How long will we continue to make God/Jesus into our own image?  The movie presents a blue-eyed, brown-haired Jesus as fact.  That’s how Colton saw him.  That’s how the girl in the opening scene who has had similar experiences draws him.  The overarching conviction of the movie is that this is exactly what Jesus looks like.  That’s idolatry.  Had I been at home watching a DVD of this movie my vocal chords would have been engaged pretty loudly.

 Why the potshots at Universities, professors, secularists, and women?

As Todd Burpo wrestles with whether or not Colton’s visit was real, he goes to a University professor to get an idea about any alternative explanations.  When he gets what he is seeking, he dismisses it completely, presumably because the person he asks is associated with a secular university, is still in grief over her husband’s death, is a non-believer, and, it seems, is a woman to boot.  The whole University scene is cast in dark hues and the scene is full of elements that cause discomfort in the viewer of the movie.  Clearly Todd Burpo has wandered into “enemy territory”.  Women are the prominent purveyors of doubt and alternative explanations in this movie.  Todd’s wife gives a reasonable, logical explanation of Colton’s vision, opposes telling anyone of the vision, and is only finally convinced of Colton’s vision when he tells her something she has never told him.  Nancy Rawling is the first to suggest that they dismiss Pastor Todd from the church and that no one wants to hear what Todd preaches anymore. (Yeah, that’s right, Todd is a pastor.  That gets left out of the promotional material I’ve seen for the movie.)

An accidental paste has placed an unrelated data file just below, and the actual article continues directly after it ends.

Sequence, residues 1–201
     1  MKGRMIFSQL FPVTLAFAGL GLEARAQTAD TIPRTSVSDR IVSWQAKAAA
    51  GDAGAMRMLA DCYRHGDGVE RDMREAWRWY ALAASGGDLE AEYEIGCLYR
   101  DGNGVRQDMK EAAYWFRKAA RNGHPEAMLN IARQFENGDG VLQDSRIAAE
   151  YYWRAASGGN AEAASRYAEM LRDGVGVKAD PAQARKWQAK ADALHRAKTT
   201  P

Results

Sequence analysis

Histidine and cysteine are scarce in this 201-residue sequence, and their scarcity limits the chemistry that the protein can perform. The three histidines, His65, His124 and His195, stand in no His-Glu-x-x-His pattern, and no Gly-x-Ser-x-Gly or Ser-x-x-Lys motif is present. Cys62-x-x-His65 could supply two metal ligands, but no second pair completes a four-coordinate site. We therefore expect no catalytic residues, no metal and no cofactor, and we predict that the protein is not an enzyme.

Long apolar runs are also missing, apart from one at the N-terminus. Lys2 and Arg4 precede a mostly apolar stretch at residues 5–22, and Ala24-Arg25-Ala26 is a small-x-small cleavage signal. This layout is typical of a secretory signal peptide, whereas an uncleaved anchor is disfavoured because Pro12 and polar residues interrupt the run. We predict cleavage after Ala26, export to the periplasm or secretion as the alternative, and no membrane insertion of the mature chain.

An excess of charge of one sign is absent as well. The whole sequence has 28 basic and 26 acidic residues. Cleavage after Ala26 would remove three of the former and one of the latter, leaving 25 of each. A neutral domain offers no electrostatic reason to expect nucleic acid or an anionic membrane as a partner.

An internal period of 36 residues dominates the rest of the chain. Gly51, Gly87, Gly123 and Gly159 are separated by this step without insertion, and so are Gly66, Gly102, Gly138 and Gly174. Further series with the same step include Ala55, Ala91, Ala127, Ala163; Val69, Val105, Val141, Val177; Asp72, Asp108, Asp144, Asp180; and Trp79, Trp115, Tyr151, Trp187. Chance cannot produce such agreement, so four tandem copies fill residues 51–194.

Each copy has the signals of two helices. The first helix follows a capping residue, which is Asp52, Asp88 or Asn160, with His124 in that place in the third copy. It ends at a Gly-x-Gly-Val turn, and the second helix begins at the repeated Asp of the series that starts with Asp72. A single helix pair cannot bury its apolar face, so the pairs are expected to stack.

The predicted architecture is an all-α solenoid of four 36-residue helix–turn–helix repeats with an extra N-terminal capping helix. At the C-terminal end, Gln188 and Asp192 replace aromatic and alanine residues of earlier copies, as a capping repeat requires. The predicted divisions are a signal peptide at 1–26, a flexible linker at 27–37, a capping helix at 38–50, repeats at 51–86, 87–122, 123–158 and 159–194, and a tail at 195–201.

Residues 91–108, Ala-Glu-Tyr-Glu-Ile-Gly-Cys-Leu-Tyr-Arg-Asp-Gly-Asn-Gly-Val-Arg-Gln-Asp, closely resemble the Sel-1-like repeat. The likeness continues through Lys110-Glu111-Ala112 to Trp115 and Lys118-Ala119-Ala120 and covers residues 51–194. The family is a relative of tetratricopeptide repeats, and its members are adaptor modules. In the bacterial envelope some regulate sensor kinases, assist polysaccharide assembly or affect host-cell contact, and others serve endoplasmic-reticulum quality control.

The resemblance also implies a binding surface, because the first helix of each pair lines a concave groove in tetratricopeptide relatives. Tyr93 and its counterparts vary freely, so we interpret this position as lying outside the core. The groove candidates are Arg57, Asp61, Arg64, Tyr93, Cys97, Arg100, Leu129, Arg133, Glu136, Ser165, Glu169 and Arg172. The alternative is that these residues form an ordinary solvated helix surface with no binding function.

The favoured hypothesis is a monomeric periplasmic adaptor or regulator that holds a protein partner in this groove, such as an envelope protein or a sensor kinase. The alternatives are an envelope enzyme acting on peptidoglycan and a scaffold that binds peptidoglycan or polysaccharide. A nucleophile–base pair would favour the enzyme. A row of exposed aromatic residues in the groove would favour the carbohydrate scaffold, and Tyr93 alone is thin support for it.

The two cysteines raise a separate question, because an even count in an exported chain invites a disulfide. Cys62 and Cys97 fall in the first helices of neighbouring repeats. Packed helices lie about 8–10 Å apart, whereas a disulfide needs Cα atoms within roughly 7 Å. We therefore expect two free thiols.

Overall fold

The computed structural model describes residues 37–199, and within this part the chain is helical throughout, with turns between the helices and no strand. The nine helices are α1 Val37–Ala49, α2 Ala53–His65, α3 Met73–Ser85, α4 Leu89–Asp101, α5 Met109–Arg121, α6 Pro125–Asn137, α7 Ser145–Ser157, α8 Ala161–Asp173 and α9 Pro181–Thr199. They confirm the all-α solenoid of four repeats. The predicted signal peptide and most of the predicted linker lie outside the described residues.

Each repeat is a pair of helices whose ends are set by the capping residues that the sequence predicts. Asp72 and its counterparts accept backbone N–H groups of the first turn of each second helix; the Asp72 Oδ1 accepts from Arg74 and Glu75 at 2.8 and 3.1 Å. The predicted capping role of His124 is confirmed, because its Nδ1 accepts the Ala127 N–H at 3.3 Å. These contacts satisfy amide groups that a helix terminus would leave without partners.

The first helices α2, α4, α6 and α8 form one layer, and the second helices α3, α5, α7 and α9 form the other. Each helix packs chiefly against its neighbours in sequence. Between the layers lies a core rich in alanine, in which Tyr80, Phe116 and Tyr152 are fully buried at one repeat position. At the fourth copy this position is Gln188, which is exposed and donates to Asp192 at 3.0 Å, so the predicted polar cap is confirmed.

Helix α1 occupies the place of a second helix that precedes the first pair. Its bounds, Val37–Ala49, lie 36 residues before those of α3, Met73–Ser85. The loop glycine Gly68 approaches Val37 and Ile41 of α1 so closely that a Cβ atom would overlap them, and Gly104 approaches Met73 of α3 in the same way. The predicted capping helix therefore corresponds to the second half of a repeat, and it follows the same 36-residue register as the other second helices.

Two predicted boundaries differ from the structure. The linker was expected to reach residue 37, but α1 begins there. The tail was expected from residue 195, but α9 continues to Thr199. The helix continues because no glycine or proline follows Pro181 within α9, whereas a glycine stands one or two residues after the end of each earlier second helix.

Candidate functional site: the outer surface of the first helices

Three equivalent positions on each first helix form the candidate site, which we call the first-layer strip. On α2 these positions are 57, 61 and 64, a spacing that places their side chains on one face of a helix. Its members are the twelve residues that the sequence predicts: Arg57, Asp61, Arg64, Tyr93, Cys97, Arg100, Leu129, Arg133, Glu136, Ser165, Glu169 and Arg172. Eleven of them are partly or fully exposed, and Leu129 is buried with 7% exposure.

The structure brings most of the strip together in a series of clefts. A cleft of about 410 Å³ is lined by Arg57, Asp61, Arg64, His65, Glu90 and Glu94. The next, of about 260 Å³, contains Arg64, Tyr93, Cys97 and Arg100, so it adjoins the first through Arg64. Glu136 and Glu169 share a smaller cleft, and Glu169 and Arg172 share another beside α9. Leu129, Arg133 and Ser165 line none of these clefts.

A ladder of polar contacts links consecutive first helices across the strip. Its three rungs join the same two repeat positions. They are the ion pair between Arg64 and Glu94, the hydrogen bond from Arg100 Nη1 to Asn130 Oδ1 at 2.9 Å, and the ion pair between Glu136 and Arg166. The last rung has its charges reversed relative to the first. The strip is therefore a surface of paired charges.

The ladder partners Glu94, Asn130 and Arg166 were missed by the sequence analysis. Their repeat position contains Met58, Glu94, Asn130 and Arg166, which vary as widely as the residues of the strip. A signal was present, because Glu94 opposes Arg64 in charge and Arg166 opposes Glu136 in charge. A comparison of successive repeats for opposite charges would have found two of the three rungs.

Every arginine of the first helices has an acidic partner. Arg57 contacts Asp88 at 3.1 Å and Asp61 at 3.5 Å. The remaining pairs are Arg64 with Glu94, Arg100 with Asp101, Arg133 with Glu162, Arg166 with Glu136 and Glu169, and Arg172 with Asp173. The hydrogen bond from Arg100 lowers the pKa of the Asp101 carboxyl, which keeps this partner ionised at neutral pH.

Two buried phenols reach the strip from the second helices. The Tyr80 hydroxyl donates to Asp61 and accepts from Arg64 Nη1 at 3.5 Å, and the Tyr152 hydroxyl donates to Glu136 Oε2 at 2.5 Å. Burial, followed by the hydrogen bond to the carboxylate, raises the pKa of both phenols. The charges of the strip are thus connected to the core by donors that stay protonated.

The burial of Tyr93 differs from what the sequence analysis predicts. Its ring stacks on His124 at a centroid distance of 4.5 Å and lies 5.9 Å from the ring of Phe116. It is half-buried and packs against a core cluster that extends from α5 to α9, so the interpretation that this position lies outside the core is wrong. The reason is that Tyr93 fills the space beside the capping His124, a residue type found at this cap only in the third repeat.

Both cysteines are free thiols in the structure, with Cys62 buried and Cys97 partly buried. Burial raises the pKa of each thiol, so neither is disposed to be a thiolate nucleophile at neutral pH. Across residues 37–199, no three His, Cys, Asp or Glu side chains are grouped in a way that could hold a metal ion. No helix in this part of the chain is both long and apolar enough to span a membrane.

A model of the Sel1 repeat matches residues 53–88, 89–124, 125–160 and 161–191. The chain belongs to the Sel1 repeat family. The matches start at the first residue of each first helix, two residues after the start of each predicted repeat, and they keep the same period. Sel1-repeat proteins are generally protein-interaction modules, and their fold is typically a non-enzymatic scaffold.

Why does the conclusion drawn by Todd Burpo in the movie’s final sermon dismisses his son’s experience?

 For a book/movie about visiting heaven, the conclusion doesn’t fit if the purpose is to declare that heaven is a real place.  In fact, the resolution that Todd comes to is that all of us have the ability to see heaven around us.  It was very anti-climactic.  I felt cheated by the ending, especially as Todd defends Colton’s visit to heaven throughout the story.  One has to remember that the story is about Todd and his struggle with his son’s experience.  It is not about his son’s experience.

 What does this film say about the nature of the church?

The congregation is a key part of this story, but it is not a healthy congregation.  In comparison, the volunteer fire department seems to be healthier.  The congregation is quick to disappear as the pastor struggles.  It seems that Todd is popular and attendance is tied to that popularity.  Todd is not compensated properly, this is never resolved in the movie.  There is some good person to person care demonstrated.  The Board consisted of two strong personalities and one silent member.  The church itself was never presented in a favorable light except as the location of a vision and the place where Todd redeemed himself.

Other quick observations

I was surprised by the references to intimacy between Todd and his wife, although it was portrayed as her power over him.

I appreciated the landscape scenes of rural Kansas.

So, do I recommend this film?  No.

If you see it though, I’d recommend talking about the questions raised here, and those you might have from your own reflections.



Christmas Wars

I think it is worse this year.

More and more “Christian” groups are stridently demanding that Christmas be celebrated as the remembrance of the birth of Jesus Christ and are opposing what I refer to as “secular Christmas” celebrations.  One group, “Repent Amarillo”, has gone so far as posting a video of the execution of Santa Claus.

I observe that as a group loses influence within a culture, they often become more strident and work hard at regaining lost influence.  This is what I think is happening to religious conservatives.

I operate with the assumption that there are two Christmas celebrations.  One is firmly rooted in the celebration of the birth of Jesus Christ.  The other is a secular winter holiday with the same name.  When someone wishes me “Happy Holidays”, they are in fact being considerate because they don’t know which one (or ones) I celebrate.

Here is the kicker.  I celebrate both.  I don’t find that to be a problem at all.